I am a quiet girl, prone to moving through life at a turtle’s pace and to doing things at small, detailed levels. I am not one for making big splashes, yet I know I can have profound effects. Nevertheless, when I look back at my life, sometimes I feel like I haven’t done much; the tracks I leave tend to be humble, not monumental, and it can be difficult for me to see that I’ve “made something” of my life.
From where I sit today I know that this past year has been monumental, I can feel it. To give myself a tangible sense of this, I made a list (’cause that’s how I roll).
In the year twenty-ten:
I swam with turtles in the Caribbean and with sturgeon in the Puget Sound. I stood on a cliff and watched a pod of seals frolic. I stood on a riverbank and gazed enraptured while fledgling eagles squealed through their first solo soaring.
I found bald eagle and red-tailed hawk feathers, and marveled at mountain bluebirds and merlins. I lingered with a village of hermit crabs; they were magic and freaky at the same time.
I found a wee, pink orchid on a remote hillside, where pirates had walked centuries before. And at a roadside stand I bought beautiful rattles made from “garbage” by a man with a lovely voice and knowing eyes.
I drove through miles and miles of wheat farms, top down on my yellow car and my farm-girl DNA all a-ga-ga. I rode small ferry boats across a river, a lake, and a sea. I lingered with many a sunrise, sunset, and the Milky Way. I saw shooting stars, and watched fireworks.
I tickled my circus bone, at Teatro ZinZanni, Ricochet, Libertease, Can Can, Columbia City Cabaret, Moisture Festival, Circus Contraption, and twice at Cirque du Soleil’s KOOZAâ€”where the King of Clowns hit me over the noggin with a Porterhouse steak and confetti sailed out of a cannon and into my cleavage.
I learned how to do my make-up as if I were a burlesque performer, and I wore 3D glasses at the midnight opening of Alice in Wonderland.
With the love and kindnesses of friends and family, I survived a divorce (there was a lovely, laughter- and tear-filled party at my new apartment the night-of), and with the brute power of my friends and family, seven months later I packed up all my west-coast belongings and moved 300 miles east.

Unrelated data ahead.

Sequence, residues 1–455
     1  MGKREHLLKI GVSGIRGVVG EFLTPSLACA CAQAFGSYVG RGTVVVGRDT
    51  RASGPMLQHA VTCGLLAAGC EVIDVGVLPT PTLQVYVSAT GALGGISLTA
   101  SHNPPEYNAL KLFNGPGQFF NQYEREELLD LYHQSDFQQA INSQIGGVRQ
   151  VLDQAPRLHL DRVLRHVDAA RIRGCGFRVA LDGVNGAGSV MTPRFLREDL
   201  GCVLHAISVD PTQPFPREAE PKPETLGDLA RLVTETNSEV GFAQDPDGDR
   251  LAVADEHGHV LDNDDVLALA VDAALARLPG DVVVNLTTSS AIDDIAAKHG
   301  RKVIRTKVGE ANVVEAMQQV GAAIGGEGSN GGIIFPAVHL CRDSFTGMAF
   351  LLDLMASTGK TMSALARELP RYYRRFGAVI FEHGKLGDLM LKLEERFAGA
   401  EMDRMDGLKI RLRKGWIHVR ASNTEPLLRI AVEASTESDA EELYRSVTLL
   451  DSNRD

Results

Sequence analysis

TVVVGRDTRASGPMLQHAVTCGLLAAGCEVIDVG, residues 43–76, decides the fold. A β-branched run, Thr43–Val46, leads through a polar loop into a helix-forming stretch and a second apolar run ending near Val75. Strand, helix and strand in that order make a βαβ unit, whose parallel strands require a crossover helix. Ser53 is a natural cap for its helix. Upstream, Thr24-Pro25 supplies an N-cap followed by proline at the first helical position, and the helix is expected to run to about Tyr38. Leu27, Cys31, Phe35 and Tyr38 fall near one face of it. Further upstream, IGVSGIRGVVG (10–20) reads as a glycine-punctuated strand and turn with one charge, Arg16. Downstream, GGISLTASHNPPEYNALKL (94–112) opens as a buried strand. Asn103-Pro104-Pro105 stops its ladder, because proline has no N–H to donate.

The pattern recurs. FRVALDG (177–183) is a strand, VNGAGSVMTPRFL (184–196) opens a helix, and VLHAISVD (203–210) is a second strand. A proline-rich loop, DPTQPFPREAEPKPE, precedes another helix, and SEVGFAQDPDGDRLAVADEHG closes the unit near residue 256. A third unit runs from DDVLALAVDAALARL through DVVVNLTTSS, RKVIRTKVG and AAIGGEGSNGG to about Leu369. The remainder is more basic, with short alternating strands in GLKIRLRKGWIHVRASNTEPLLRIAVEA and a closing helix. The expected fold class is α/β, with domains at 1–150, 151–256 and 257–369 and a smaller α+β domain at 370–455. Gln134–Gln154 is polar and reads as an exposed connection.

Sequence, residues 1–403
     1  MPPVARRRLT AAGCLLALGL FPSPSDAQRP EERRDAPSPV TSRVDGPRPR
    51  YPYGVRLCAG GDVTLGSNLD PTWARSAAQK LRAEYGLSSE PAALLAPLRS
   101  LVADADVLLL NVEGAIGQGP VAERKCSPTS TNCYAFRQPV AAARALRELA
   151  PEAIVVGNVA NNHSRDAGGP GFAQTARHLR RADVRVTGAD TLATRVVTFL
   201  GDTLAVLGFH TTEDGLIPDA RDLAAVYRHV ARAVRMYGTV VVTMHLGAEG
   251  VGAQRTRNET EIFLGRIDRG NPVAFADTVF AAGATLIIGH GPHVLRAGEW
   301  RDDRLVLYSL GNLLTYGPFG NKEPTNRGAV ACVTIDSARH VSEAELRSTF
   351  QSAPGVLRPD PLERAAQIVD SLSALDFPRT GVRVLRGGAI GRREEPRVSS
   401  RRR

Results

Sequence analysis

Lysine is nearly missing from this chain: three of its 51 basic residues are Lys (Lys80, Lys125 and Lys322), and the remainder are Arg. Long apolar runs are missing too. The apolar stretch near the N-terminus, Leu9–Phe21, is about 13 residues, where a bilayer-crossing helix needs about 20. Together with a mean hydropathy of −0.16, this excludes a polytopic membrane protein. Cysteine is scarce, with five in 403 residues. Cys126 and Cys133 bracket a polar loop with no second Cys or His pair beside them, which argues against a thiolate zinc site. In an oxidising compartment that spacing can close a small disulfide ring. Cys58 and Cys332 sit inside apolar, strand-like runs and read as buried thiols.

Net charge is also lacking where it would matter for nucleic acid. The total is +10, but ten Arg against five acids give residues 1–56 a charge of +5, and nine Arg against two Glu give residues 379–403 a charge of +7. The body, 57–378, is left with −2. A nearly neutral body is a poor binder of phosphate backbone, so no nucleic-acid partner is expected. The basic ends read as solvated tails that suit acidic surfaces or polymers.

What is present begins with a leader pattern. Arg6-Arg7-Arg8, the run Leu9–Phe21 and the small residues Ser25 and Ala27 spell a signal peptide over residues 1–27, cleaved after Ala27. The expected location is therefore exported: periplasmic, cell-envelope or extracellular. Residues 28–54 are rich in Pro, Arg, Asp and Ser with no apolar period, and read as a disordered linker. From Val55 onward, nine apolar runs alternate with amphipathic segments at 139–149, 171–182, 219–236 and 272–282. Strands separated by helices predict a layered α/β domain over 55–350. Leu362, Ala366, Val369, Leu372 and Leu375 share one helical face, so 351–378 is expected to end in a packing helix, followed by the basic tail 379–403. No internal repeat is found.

I built a website for a poet, because I love his voice, and I nudged a shamen through publishing a daring book. I (finally!) opened my Etsy shopâ€”and actually (finally!) sold some of the vintage things I’ve accumulated.
I made new friends, and expanded existing friendships. I could have been a better friend, but I’m pretty sure everyone still loves me nevertheless. And I’m okay with that.
I did not send out my annual Valentine, and I regret that, but February 14 was only a month after my divorce was finalized, so I was not feeling much Cupid in my heart. (I am looking forward to rectifying this in 2011.)
I took good care of my bodyâ€”celebrating one year of sobriety, losing twenty pounds, and indulging in Pilates. I got pretty descent at feeding myself, even though I abhor doing so.
A priest and I collaborated on a sexy little art project. And in an interesting turn of events, I crafted my first art installation, which hung at a major art festival. There were also many art dates with dear friends and these included glitter, gossip, and giggles.
There was much!!! sand between my toesâ€“from several different beachesâ€“and lingering poolside in Ballard plus skinny dipping in a pool in Los Angeles.
I invented a new sportâ€”the S’mores Offâ€”and I did not win this roasted marshmallow competition, but I launched much laughter and learned ways to refine my roasting technique. PUFFY.
I did many things that were uncomfortable, practicing spontaneity and no-fear; I believe I am better off for doing so.
I have also been dabbling in vulnerability, and I am grateful to know that there are openings in the walls I built around my heart. Not many of them, and not large openings, but after the way I began this year in a complete upheavel of my life, even the wee, smallest openings to my heart are precious.
Thank you all for riding along with me. I really would not have made it without you.